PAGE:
A few years ago I needed to have two window blinds replaced in our home. The process of ordering these blinds from a local merchant was excruciating. The store was disorganized, made one mistake after another, and could never even find my order in their computer! The good news is finally after several weeks the blinds were delivered to our home–the bad news is that both of the blinds were incorrect. This is where the plot thickened even more.
I was told the store would order the correct blinds. With their track record so far, I was dubious, so a week later I called the store to verify the blinds had been reordered. The person I spoke to on the phone had a hard time yet again finding my order, and then when she finally had it in front of her she said, “I see in the file that they have not been reordered yet and the reason is that the supervisor has to first determine whose fault it was that the wrong blinds were ordered.” I can not make this stuff up! In this case, placing blame was more important than fixing the problem and getting the customer their order.
Blaming seems to be a natural reflex in some organizations. When something goes wrong, the first question often is, “Whose fault was it?” When there is only blaming, however, there may be little problem solving, and no time taken to understand root causes, and no learning for the next time. Clearly in my window blind scenario, it was a systemic problem, not the fault of one person. In the almost three months I spent in the rabbit hole trying to get two new blinds, I came across many good, well-intentioned people who tried to help me, but who simply couldn’t within the store’s system. (Business visionaries from Deming to Ackoff to Peter Senge have all emphasized that improving systems, rather than rating individuals, is the most effective way to leverage improvements in organizations.)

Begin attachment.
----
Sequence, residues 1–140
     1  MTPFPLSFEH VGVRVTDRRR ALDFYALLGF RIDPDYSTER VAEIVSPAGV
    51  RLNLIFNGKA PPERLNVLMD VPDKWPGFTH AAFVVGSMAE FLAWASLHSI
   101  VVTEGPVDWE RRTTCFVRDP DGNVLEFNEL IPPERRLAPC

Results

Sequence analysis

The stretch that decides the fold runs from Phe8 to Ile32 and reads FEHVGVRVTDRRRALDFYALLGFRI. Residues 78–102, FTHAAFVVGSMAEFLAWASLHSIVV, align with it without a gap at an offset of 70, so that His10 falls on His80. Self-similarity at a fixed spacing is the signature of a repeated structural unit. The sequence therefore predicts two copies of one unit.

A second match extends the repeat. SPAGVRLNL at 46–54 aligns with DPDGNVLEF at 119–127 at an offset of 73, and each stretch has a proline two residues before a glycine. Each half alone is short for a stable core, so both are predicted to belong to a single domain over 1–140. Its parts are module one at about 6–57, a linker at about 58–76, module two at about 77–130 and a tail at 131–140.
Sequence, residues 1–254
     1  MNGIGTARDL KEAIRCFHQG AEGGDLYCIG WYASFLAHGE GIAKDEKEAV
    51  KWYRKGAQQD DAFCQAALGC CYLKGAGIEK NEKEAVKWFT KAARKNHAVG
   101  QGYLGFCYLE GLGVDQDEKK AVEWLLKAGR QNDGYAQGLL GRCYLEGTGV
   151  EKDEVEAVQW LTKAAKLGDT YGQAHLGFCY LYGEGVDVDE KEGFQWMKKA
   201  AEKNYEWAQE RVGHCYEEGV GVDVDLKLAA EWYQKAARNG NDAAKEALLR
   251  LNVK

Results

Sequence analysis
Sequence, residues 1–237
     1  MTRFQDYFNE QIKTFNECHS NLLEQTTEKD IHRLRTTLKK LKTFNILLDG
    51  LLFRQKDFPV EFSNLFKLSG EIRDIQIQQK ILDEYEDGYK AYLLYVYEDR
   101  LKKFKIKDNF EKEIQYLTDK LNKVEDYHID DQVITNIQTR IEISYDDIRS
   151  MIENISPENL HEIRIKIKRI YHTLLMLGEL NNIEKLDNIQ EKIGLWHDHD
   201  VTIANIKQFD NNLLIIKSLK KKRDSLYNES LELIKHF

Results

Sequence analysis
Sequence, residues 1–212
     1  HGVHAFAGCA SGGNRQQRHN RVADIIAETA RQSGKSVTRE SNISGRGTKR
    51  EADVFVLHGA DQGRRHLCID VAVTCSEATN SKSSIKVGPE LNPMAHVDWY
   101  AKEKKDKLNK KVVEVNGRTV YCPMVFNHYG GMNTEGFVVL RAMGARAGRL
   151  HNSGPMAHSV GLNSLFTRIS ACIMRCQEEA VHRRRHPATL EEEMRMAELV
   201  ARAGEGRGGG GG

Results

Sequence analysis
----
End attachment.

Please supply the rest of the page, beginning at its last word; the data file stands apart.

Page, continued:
There are many consequences to an organization that has a blaming culture. First, blaming often provides a simplistic and artificial solution to a complex problem (“I know what the problem is, and it’s you”), reducing the chances of getting to the real problem and solving it for the next time. Blame also creates fear and destroys trust. If we’re jumping to blame, we may believe that other people don’t care or have a lack of ability, rather than trying to understand all the complexities of what may have contributed to the situation. Another consequence of blaming cultures is that people are often busy trying to protect themselves and feel they can’t admit mistakes. People spend time denying problems rather than solving them. Finally, blaming discourages innovation and creative solutions. People who are afraid of being blamed don’t take risks, and risk is essential for innovation.
In brief, although blame can provide some immediate relief and a sense of having solved a problem (“It’s their fault”), in reality, blame is a quick fix that can not only hurt relationships but can also divert attention from real, long-term structural solutions.
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